Sprained ankle treatment; recover faster with this sprained ankle rehabilitation program

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August 13, 2019

Most athletes at some point in their career have sprained their ankle playing sport. It is a very common injury in sports with lots of change of direction, such as football and netball as well as jumping sports where there is a risk of landing on someone else’s foot such as rebounding in basketball. They can really interrupt a sports season or even if you don’t play sport how long you need to be off work. Often there is a lot you can be doing to help your ankle recover in the first few days if you know what to do!

Here are some guidelines on the best management for acute ankle sprains in the first week which can help the ankle recover and get back to sport faster. 

Acute Stage Best Management:

RICER:

Rest – avoid walking long distances if you are limping. 

Ice – 20 mins every 2 hours.

Compression – wear a compression sock or tubigrip over your ankle. Taping can also be a form of compression that your physiotherapist can show you. 

Elevate: Keep your foot up above your heart height whenever possible in the first 2-3 days. At night elevate your foot on pillows. This helps to reduce the swelling from pooling in the ankle. 

Referral: See a medical professional such as a physiotherapist or sports doctor to determine if an Xray is required and to diagnose the damage. 

Extra tips on Icing:

Remove the shoe? You will hear debate sometimes over whether to remove the players shoe or keep it on for compression. My belief is that if you want to ice the ankle you can’t really access it well enough if the shoe is still on so take the shoe off and ice the areas that are sore and swollen. 

No Anti-Inflammatories: Let the icing be the natural management of swelling as there is evidence that using anti-inflammatories can inhibit ligament healing if used in the first 72 hours. Analgesics such as panadol for pain are fine to use as needed. 

Ice Vs Natural Healing = ICE

Some people are beginning to debate whether we should ice at all as swelling is the bodies natural way of healing. However, it is not the normal act of swelling that tends to cause complications with rehabbing an ankle back to sport it is an over reaction of the body and the excessive amount of swelling that increases stiffness and pain. Therefore, I still recommend icing straight away as it will never completely get rid of all the natural inflammatory cells anyway and helps to prevent hiccups in later stages of rehabilitation.

Bucket Icing:

The biggest tip I give people when they have acutely sprained their ankle and it is either really swollen or there is an important match/deadline to be ready for is to ice there foot/ankle in a bucket. Add water and ice into a bucket and dunk the entire foot and ankle in. There are different ways from here as to how you do it depending on the threshold of the injured athlete and their tolerance of the cold. I generally suggest to keep it in for 5 minutes and to practice moving the foot up and down to keep the mobility and prevent stiffness. If they find it difficult to keep the foot in there due to the cold temperature you can do 30 seconds in the bucket and 30 seconds out and do it for 10 minutes. This works a treat as the whole ankle receives the ice including inside the joint and you can keep your foot moving whilst you do it to help prevent stiffness.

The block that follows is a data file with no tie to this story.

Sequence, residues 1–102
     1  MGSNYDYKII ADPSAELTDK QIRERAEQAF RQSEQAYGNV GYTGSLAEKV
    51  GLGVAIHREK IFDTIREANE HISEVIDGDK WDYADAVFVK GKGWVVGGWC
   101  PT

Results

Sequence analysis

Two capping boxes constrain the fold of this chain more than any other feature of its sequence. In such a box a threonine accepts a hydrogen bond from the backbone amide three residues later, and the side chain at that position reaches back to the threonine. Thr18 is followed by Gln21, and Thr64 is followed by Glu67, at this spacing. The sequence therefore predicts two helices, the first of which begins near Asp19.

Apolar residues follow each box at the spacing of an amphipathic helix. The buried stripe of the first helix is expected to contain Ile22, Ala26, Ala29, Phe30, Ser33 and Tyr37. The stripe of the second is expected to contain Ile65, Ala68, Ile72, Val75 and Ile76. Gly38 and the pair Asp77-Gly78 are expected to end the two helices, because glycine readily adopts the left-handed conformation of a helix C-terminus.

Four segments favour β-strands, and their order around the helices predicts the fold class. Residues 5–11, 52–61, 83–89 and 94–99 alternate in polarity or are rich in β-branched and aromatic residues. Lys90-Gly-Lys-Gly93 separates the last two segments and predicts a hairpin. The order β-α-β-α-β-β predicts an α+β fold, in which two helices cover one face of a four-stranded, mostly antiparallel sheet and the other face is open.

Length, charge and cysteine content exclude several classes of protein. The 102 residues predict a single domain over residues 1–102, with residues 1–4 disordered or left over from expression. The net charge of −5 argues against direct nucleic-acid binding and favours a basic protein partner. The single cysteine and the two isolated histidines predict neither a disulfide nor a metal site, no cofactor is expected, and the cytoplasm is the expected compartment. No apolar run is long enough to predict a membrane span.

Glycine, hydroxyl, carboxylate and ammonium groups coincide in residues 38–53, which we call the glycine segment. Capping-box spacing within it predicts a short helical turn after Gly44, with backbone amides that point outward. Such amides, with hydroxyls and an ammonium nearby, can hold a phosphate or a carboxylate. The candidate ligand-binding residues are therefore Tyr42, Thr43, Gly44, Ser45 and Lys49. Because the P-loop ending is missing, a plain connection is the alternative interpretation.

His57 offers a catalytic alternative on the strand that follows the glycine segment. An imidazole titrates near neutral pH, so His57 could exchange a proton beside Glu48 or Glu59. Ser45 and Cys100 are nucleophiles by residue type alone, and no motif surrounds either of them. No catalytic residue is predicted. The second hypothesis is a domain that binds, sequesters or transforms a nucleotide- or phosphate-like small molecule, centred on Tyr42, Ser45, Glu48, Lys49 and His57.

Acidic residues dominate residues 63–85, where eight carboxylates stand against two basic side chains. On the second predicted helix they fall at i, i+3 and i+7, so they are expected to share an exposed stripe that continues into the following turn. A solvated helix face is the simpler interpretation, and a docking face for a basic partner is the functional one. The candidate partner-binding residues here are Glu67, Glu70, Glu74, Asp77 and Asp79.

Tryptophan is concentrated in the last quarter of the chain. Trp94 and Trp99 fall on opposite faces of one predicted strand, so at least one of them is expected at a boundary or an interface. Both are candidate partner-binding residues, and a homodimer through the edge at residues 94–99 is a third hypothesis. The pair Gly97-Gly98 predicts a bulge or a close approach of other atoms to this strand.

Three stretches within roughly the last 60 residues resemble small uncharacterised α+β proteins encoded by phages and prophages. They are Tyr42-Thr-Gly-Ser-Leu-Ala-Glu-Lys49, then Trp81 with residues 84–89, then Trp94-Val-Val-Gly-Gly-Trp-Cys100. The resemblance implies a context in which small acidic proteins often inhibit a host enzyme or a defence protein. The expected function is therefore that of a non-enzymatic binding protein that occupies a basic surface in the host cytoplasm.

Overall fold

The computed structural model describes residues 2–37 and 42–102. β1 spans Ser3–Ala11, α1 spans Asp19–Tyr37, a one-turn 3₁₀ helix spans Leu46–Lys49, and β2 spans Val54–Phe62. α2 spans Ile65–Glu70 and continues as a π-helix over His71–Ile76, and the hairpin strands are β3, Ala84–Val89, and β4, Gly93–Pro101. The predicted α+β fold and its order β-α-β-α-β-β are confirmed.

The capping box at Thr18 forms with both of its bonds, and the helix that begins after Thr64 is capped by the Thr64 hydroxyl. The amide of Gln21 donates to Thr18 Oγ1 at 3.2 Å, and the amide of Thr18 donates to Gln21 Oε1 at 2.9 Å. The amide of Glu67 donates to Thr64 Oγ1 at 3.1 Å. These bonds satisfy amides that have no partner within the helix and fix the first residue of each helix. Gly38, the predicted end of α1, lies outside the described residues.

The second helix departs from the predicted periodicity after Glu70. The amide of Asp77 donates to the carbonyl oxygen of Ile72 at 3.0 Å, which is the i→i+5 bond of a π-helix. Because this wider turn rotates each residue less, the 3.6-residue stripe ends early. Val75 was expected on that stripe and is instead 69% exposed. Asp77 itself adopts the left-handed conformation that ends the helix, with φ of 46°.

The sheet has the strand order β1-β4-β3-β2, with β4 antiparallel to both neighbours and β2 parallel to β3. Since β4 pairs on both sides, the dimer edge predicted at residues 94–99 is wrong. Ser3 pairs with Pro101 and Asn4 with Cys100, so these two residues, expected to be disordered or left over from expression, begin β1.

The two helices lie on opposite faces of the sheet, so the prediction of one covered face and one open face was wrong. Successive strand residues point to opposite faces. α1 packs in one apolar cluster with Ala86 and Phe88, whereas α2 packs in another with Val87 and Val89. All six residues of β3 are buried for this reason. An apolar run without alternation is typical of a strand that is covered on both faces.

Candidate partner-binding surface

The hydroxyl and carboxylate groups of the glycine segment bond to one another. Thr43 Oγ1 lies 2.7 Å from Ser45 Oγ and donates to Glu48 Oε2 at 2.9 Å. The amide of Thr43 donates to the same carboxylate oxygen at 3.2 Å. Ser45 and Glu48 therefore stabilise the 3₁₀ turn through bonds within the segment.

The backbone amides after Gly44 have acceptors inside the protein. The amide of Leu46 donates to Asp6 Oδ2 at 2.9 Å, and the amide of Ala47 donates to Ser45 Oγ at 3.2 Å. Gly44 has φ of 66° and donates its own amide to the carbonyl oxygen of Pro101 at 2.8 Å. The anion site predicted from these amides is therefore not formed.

A foot in an ice bucket
A foot in an ice bucket
Ice Bucket for Ankle for an Acute Ankle Sprain

Overnight Icing

If you are serious about getting back quicker than the norm because you are in the middle of finals for example I would definitely suggest setting your alarm over night on the night that you injured your ankle and getting up perhaps 2-3 times to ice the ankle for 10-20 minutes. Otherwise, expect a fat and stiff ankle the next morning.

Lectric Soda Crystals:

These are another great adjunct to icing to help reduce the swelling. Make sure you follow the instructions as you can get ice burn from overuse.

Signs of an Ankle Fracture:

I would always recommend to see a professional to determine this as missing a fracture can be detrimental to short and long term rehabilitation.

However, my guide as to whether your risk is higher and should seek a professional’s opinion includes:

– Unable to weight bear at all initially or in the next 2 days – This means not even putting a tiny amount of pressure on that foot including to limp off the court.

– Deep ache at night that wakes you up

– Icing the ankle is painful

Importance of seeing a Physio:

I have given a specific guide for everything that you can do independently to give yourself the best chance but the importance of seeing a sports therapist such as a physio is crucial. This is important to confirm the exact damage that you have done, prognosis, X-ray referral to confirm no fracture and to begin some manual therapy to get the ankle moving again. Specific taping techniques can help remove swelling and pain as well as other manual techniques that help to reduce swelling, stiffness, and pain. Physiotherapy is also crucial for designing you a rehabilitation program to build back up the strength in your ankle to help get you back to walking pain-free, running and then back to sport/work as quickly as possible. These exercises are also important for preventing future injuries to the same ligaments.